The Selenium Side Effects: How the Nutrient Affects Your Body

The Selenium Side Effects How the Nutrient Affects Your Body

It is assumed that a part of the population in German-speaking countries is not sufficiently or at least very scarcely supplied with selenium. There is no evidence for the assumption yet, because it still takes until the next consumption study. But it is because our soils are rather selenium-poor in relation to the American ones. The climate crisis can exacerbate this problem even further.

Too little selenium, something has to be done!

That’s why more and more people are resorting to supplements with selenium or consciously taking selenium-rich foods. For people with a vegan diet, these options are strongly recommended.

We need selenium. But what else does the selenium addition do? In other words: What are the selenium side effects? Is there such a thing? Where are you most likely to expect them?

Or is “side effects” more of a term for drama queens? Step after step.

But before it goes to the side effects, here are the desired effects briefly listed, so that you know what a normal effect is:

What do you actually take selenium for? These are the effects you can expect.

In a nutshell in a list:

  • Regulation of the thyroid gland
  • Contribution to normal spermatogenesis in men
  • Function of the immune system
  • Antioxidant effect
  • Normal functioning of the nervous system

Selenium is good for that. At the same time, side effects can also occur that are not desired. Or?

The side effects of selenium. Drama Queen or rational worry?

The selenium side effects are more on the side of the drama queen. Overall, selenium is quite well tolerated. The problems only occur with abusive intake: If you eat too much. If the overdose is too high, this can also lead to selenium poisoning. The symptoms of mild poisoning would be:

  • Fatigue
  • Diarrhea
  • Nausea and vomiting
  • Nerve disorders
  • Hair loss
  • Garlic-like bad breath

There is currently no remedy for selenium poisoning. Of course, the first step is to see a doctor. Usually, however, it is simply necessary to wait until the body has excreted the selenium naturally.

But if you overdo it, it can lead to selenosis – the actual selenium poisoning. Here the symptoms are correspondingly severe:

  • Liver damage
  • Irritation
  • Heart muscle weakness
  • Until death

That’s why with selenium as with nutrients in general, but with heavy metals in particular: Pay attention to the dosage and do not permanently consume more than the daily requirement.

It’s very simple: you can share tablets or take a capsule just every other day.

The selenium side effects of the other kind: interactions with other nutrients

The situation is different with the interactions, because selenium uptake can be inhibited by other trace elements.

You should not consume vitamin C at the same time as selenium. The vitamin inhibits the absorption of the trace element and thus you then take selenium for free. A waiting time of two hours is enough here.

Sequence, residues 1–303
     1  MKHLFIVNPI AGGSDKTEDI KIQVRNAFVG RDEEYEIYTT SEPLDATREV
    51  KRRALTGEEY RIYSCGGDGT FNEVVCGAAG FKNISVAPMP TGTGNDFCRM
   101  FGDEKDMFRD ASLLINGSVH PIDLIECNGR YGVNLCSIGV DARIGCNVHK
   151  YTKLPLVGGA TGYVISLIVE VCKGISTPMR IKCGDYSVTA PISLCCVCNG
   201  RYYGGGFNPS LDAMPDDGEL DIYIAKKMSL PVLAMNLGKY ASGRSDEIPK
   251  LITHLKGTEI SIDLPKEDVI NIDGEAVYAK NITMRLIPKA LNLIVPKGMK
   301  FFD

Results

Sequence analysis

If, on the other hand, you have too little vitamin B12,it is currently assumed that you also excrete less selenium, which can be problematic even with slight overdoses.

A lack of vitamin B6, on the other hand, can also cause you a selenium deficiency. Because without vitamin B6 you can not convert the frequently used selenium composition selenomethionine.

Since both iodine and selenium have a strong influence on the thyroid gland, it is advisable to pay attention to the level of both nutrients in thyroid diseases.

It is different with vitamin E,because selenium and vitamin E actually help to protect cell membranes. However, there is currently no indication that a combined intake has a positive effect.

The rule of thumb: Always allow some time to pass between different nutrients. In the morning, at noon or in the evening you can take other supplements. Some nutrients have a positive effect on sleep, others wake you up. Pay attention to the individual effects here. Always inform yourself what they can do.

Here are some well-known examples of medicationsthat can alter selenium levels:

  • The cancer drug cisplatin reduces the selenium content in your body.
  • Selenium has a positive effect on the effect of the thyroid drug levothyroxine. So here it is time to measure what your selenium level looks like.
  • Of course, medications for drainage also promote the excretion of selenium via the kidneys. As a result, your body loses selenium.
  • Antacids are tablets for heartburn. They can inhibit selenium absorption.
    Some medications used to treat mental illness, called neuroleptics, also negatively affect selenium intake.

However, there are also medications that can lower selenium levels. In the case of chronic diseases, you should pay attention to this and talk to your doctor if you suspect it. These include clozapine, corticoids, diuretics, valproic acid and cytostatics (cisplatin is one of them). Chemotherapy or radiotherapy can also interfere.

In addition, there are other things that can reduce your selenium absorption (absorption) and selenium levels. The above-mentioned cytostatics but also alcohol can cause both.

As they say in England: Drink responsibly. Alcohol is not only harmful here.

Selenium and side effects? Rather interactions, deficiency or overdose

Overall, we can say that there are hardly any selenium side effects. Rather, it is interactions with other substances and medications that you should pay attention to.

If there are indeed “side effects”, they are more likely to be symptoms of selenium deficiency or an excess of selenium – i.e. an overdose. That’s why you should always pay attention to what your selenium level looks like. Your doctor of trust can help you well here.

If you take selenium in the recommended amounts, you hardly need to worry about side effects.

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